current that connects with other energy sources in the two

other groups of stories, in both of which the alternate

energy sources are blocked or misdirected. The second group

of stories I've described include those in which obstacles

appear to the subjects using their energies. Rather than

focus on the obstacles, Wolfe concentrates on the potentials

of the subjects' energies and engages with them. The

obstacles, however, are not ignored but incorporated into

the narrative as the narrator works to maintain the

integrity of his subject and keep his narrative going.

"Peppermint Lounge Revisited" is a brief story which

focuses on New Jersey teenagers' energies, expressed through

their dress and dancing; their voices are generally mute.

Wolfe zeroes in on the concrete particulars of their dress










in the narrative opening. His eye responds to the exact

detailing of the teenagers' dress, recognized as they suit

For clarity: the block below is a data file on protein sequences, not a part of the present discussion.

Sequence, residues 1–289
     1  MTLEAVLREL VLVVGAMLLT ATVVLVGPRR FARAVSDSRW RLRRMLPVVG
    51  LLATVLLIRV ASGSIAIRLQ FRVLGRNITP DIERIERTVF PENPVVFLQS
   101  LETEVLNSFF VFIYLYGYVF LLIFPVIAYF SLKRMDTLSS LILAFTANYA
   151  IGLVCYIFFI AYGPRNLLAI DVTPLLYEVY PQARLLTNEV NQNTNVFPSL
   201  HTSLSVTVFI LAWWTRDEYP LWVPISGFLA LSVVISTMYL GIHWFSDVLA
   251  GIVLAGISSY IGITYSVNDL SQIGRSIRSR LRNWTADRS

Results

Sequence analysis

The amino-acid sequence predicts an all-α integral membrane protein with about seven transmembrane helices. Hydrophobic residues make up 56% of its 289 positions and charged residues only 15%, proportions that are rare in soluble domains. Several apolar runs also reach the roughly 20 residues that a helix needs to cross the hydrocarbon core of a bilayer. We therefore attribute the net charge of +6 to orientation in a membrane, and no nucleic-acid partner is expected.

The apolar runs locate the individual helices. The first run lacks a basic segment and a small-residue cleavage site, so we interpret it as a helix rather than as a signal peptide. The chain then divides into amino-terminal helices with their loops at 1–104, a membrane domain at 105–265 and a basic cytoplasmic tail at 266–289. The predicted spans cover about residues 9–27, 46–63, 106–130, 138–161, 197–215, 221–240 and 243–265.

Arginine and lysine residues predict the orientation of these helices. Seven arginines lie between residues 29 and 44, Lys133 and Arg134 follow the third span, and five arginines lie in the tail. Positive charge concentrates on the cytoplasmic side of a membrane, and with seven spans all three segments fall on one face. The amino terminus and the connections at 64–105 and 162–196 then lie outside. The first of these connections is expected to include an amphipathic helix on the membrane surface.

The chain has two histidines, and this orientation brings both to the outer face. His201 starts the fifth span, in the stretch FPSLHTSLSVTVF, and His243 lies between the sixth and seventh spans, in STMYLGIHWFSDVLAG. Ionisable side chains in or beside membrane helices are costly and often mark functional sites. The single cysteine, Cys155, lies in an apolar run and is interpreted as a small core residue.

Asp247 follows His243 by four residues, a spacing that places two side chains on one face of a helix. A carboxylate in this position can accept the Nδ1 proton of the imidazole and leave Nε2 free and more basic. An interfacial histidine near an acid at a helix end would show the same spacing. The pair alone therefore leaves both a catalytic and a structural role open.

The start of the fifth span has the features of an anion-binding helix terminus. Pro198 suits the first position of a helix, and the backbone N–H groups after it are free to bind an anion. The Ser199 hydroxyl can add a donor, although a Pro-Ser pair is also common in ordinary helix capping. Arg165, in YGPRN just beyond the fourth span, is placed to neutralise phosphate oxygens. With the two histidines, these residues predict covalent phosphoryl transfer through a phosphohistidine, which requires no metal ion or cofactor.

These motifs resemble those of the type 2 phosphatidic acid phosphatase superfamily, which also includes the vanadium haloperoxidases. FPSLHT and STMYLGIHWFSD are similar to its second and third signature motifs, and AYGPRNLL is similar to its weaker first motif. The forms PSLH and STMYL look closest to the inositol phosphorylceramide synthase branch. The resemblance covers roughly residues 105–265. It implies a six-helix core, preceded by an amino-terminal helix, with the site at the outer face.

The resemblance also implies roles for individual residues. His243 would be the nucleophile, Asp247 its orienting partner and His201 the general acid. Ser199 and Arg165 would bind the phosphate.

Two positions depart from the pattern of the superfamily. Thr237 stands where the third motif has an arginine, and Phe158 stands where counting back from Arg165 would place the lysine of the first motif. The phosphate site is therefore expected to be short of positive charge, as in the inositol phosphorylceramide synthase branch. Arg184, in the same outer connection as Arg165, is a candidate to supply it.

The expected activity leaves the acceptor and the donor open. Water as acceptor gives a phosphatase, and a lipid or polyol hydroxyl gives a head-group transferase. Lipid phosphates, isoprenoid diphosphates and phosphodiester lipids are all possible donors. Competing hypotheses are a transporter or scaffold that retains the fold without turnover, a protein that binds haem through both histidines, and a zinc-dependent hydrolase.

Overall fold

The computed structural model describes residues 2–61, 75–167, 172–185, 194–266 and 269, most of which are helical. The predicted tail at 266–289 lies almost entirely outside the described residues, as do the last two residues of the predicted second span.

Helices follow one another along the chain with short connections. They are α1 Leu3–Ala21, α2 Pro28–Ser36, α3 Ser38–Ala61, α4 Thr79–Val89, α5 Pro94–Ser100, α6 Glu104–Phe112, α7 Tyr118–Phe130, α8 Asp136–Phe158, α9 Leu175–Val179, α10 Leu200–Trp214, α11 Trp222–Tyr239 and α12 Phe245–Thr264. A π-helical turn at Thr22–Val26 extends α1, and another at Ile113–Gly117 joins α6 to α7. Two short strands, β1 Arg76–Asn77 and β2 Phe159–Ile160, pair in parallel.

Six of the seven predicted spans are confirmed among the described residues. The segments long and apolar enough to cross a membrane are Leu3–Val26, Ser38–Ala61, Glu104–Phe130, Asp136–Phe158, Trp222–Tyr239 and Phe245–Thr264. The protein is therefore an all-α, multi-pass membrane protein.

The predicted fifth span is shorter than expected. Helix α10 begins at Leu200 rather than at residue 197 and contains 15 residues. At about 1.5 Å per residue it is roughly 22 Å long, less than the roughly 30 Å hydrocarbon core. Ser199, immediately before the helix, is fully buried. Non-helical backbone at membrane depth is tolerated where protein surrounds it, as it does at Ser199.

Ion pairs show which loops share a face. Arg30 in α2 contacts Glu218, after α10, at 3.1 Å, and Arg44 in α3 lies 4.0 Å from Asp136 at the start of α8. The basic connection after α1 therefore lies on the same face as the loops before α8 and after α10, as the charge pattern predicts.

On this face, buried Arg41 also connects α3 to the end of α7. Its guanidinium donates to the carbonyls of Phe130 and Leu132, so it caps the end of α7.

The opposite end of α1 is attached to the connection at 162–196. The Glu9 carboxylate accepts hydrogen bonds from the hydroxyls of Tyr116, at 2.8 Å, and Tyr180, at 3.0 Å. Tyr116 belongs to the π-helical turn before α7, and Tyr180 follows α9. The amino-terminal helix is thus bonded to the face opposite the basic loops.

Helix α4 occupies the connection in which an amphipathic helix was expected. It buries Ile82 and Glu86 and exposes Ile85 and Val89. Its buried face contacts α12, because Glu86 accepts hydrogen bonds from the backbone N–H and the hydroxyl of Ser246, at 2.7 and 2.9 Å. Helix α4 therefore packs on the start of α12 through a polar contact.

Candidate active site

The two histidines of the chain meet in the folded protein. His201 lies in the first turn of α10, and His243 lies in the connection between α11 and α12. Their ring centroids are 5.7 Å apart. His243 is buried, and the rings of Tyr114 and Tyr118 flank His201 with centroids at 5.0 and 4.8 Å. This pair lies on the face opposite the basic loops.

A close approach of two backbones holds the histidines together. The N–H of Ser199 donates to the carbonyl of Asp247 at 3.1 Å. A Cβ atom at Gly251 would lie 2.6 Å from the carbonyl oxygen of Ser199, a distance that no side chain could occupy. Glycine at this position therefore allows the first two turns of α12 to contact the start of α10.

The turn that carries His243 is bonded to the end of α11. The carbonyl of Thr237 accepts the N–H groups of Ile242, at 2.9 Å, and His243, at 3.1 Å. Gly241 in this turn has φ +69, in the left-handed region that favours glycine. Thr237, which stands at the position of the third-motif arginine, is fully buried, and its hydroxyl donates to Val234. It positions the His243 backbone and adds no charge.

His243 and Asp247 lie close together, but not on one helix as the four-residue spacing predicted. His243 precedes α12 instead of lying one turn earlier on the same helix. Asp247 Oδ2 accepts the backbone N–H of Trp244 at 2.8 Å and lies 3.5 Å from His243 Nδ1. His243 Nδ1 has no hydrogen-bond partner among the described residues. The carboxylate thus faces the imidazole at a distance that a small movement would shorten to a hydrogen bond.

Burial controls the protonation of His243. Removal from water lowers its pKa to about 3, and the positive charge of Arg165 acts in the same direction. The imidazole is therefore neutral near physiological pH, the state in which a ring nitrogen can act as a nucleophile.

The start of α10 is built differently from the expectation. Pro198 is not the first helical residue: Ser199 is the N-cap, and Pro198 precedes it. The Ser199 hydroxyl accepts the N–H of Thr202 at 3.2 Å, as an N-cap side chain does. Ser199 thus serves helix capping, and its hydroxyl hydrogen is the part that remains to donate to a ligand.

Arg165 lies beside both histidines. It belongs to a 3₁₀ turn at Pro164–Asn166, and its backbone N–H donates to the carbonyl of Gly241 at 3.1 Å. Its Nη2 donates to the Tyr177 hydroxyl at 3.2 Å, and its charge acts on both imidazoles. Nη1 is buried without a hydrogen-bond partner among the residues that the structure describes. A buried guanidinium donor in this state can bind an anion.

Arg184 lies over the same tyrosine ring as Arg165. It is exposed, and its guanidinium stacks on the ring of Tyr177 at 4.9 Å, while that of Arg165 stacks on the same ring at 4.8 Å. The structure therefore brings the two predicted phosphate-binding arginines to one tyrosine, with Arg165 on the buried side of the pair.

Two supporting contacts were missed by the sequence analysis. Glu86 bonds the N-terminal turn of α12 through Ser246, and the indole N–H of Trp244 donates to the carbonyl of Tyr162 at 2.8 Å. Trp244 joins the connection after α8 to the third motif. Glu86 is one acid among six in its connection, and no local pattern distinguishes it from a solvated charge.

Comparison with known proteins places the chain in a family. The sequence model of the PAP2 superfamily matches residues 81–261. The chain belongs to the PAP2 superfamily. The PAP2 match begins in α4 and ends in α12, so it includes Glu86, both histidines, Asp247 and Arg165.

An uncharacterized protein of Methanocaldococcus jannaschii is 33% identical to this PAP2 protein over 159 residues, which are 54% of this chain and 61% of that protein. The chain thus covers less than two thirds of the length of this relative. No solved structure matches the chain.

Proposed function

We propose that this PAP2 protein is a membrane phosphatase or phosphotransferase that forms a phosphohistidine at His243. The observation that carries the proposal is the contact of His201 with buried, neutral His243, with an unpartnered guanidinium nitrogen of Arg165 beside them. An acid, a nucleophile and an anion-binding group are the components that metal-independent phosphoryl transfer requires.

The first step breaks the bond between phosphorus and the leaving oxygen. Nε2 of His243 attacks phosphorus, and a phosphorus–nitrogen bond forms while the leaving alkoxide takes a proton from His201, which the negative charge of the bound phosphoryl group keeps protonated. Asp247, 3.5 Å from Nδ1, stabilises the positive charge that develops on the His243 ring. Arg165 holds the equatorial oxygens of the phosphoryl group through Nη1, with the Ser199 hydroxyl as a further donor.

up and move into Manhattan and then move on the dance floor.

This is the Peppermint Lounge "revisited," and Wolfe's eye

also notices the new dances which are in--no longer the

mashed potatoes, puppet, and twist, but the monkey and the

t-bird. The narrative thrives simply on the details of the

teenage netherworld. The teenagers, such strict adherents

to their styles, can be represented by one voice, that of

Marlene, one of the dancers, a typical Jersey teen, through

whose voice Wolfe perceives the obstacle to the teens using

their energies. Now two years on the scene, Marlene really

sees no future in the dance life. Marlene's goal is as

conventional as apple pie, or in Wolfe's terms, the

"Mom&Dad&Buddy&Sis" routine. "Marlene's goal! Marlene's

goal is. Marlene's answer should reassure a whole

generation of Jersey mothers about where the Jersey Teen-age